With the 2018 race season drawing ever closer, the top cycling teams are revealing the latest versions of their team clothing.
We take a look at the 2018 WorldTour team kit revealed so far. Some have gone for a radical reworking, whereas others have gone for the ‘if it ain’t broke, don’t fix it’ approach.
>> Subscribe to Cycling Weekly this Autumn and save 35%. Enjoy the luxury of home delivery and never miss an issue <<
A change in name for the Australian squad formerly known as Orica-Scott. The team’s clothing retains the dark blue from previous years, but the green takes on a brighter hue to fit in with Scott’s colourscheme, which should give a splash of colour to the peloton.
Team Sky – 3/5
Gone has the black kit of previous years, to be replaced to something more akin to Team Sky’s white 2017 Tour de France clothing. It’s still distinctive, but it may take some getting used to.
Dimension Data – 4/5
Another team to go for a lighter kit is South African squad Dimension Data. British sprinter Mark Cavendish modelled the clothing when it was revealed.
BMC Racing Team 4/5
New sponsor Sophos adds a dash of blue to BMC’s classic black-and-red kit, which otherwise appears very similar to 2017’s Assos-made offering. There are some other minor changes, but otherwise it’s business as usual for one of the fans’ favourite pro cycling outfits.
Bora-Hansgrohe’s jersey redesign has to be one of the most successful of 2018 so far. It retains the team’s identity from last season’s kit, yet manages to look more distinctive and fresh.
Gone is the all-red kit of 2017 to be replaced with one that includes decidedly more blue. With the inclusion of five-time 2017 Tour de France stage winner Marcel Kittel for 2018, it’s highly likely that we’ll see the kit streaking towards the finish line on numerous occasions.
Quick-Step Floors 3/5
Not a huge change from the 2017 Quick-Step Floors kit, but that is okay as it is already one of the more distinctive WorldTour outfits. The Belgian team has gone for a white band around the chest (similar to Ag2r below) to highlight the sponsor’s name. Supermarket chain Lidl keeps its branding on the sleeves. One addition is a ‘wolfpack’ logo, which is apparently how the squad refers to itself.
Ag2r-La Mondiale 3/5
French team Ag2r-La Mondale have made a major change to their jersey for 2017, with the old logo-strewn design dispensed with in favour of a bold brown, white and blue kit. The team’s trademark, love-them-or-hate-them brown shorts have been retained.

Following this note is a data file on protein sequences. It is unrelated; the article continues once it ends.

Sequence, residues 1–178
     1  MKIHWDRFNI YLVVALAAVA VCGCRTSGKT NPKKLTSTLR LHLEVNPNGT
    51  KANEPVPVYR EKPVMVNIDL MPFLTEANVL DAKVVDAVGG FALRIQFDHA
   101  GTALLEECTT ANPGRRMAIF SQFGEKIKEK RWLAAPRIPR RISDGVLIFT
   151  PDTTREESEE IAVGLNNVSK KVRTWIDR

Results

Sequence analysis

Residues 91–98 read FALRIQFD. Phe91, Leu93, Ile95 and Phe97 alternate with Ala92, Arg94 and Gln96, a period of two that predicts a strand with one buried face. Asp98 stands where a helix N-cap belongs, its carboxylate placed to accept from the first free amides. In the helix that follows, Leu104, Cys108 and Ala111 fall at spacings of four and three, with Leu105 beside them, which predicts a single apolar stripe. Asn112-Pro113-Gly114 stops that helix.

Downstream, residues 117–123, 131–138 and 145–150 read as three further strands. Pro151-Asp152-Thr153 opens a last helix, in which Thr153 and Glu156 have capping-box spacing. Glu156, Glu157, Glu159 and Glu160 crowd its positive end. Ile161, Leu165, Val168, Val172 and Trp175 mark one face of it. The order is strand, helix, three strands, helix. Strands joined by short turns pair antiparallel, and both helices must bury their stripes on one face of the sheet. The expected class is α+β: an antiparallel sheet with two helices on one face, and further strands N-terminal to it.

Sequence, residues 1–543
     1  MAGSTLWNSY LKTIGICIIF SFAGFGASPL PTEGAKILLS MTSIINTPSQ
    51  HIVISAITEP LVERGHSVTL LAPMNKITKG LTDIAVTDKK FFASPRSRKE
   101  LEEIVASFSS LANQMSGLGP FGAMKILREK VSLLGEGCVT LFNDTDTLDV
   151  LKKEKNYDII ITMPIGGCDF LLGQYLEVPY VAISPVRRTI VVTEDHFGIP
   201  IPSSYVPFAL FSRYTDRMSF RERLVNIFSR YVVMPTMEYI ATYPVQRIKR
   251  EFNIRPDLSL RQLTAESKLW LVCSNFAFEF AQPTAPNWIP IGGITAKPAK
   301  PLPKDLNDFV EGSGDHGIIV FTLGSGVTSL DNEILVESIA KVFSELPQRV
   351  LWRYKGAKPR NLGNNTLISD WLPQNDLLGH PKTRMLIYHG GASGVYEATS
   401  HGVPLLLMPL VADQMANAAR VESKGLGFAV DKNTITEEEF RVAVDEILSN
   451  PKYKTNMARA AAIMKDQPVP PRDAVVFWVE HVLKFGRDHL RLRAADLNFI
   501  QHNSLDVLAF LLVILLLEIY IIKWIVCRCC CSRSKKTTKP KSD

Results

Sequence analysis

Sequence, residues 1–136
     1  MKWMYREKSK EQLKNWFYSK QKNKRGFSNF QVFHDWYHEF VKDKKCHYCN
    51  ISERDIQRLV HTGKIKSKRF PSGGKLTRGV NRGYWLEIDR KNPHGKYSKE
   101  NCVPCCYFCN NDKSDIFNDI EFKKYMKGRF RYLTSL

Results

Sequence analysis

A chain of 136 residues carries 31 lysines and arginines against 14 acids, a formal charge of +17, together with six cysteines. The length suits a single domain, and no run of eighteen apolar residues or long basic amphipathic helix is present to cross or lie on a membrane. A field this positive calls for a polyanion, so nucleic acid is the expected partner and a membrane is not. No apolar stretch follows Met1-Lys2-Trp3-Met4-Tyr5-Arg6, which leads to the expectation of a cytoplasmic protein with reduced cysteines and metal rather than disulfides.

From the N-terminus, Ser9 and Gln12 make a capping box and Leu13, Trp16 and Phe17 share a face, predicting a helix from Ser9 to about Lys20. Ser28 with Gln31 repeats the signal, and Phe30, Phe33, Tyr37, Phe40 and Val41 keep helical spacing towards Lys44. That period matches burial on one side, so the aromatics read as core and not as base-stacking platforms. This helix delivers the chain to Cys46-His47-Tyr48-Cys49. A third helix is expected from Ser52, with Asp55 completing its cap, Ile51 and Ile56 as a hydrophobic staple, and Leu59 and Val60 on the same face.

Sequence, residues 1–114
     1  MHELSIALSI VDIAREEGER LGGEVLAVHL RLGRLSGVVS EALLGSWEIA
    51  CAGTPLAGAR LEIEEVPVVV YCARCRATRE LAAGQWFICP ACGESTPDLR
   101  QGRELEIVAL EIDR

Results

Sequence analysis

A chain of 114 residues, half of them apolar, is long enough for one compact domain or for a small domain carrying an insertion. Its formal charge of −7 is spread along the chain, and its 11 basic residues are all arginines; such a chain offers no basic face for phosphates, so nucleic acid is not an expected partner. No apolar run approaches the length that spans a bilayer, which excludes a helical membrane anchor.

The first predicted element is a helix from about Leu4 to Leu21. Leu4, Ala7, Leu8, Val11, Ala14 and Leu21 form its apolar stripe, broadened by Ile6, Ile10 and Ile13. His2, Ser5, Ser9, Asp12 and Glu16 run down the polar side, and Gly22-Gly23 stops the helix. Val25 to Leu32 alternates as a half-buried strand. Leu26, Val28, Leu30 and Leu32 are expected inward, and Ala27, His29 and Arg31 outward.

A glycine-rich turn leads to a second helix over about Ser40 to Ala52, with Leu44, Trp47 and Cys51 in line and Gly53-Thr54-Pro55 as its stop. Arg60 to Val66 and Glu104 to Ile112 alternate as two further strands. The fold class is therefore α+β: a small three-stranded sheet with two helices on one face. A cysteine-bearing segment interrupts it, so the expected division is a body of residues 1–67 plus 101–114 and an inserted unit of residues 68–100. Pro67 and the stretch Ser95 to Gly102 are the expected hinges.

Movistar – 3/5
Perhaps the most surprising change in kit for 2018 is Movistar’s departure from their dark blue and green kit from the past few seasons. Instead, the team has opted for blue fading into black with a large white M for title sponsor Movistar.
EF Education First-Drapac – 4/5
A new title sponsor has seen the team-in-green move to an even more colourful kit that will certainly stand out from the crowd in the peloton. There’s still a touch of trademark Argyle on the sleeve cuffs for continuity.
Lotto-Soudal – 3/5
Not a huge change, but subtle alterations to the Lotto-Soudal strip brings things up to date and with a nod to retro design thrown in. Both men’s and women’s top-tier Lotto-Soudal teams get the same design.
Astana – 3/5
Continuing this trend of averagely rated kit is Astana, who have gone for a ‘if it ain’t broke, don’t fix it’ redesign. It’s still much better than the all over turquoise they insisted on prior to last year, but it remains a fairly lacking in inspiration, despite Movistar seemingly loving it enough to try and follow it.
The the team’s own admission, when designing their 2018 team strip they “kept it simple and didn’t change much”. The most noticeable differences between the 2018 and 2017 kit is that the word ‘Bahrain’ now has a dark blue background and the sleeves are predominantly red rather than blue. Dark blue shorts complete the outfit.
A few design tweaks here and there for LottoNL-Jumbo’s 2018 team jersey, which largely remains the same as 2017. The team says: “This S-PHYRE performance clothing line is designed to cheat the air, maximizing aerodynamic advantages and power transmission to deliver the riders more performance per gram.” So there we have it.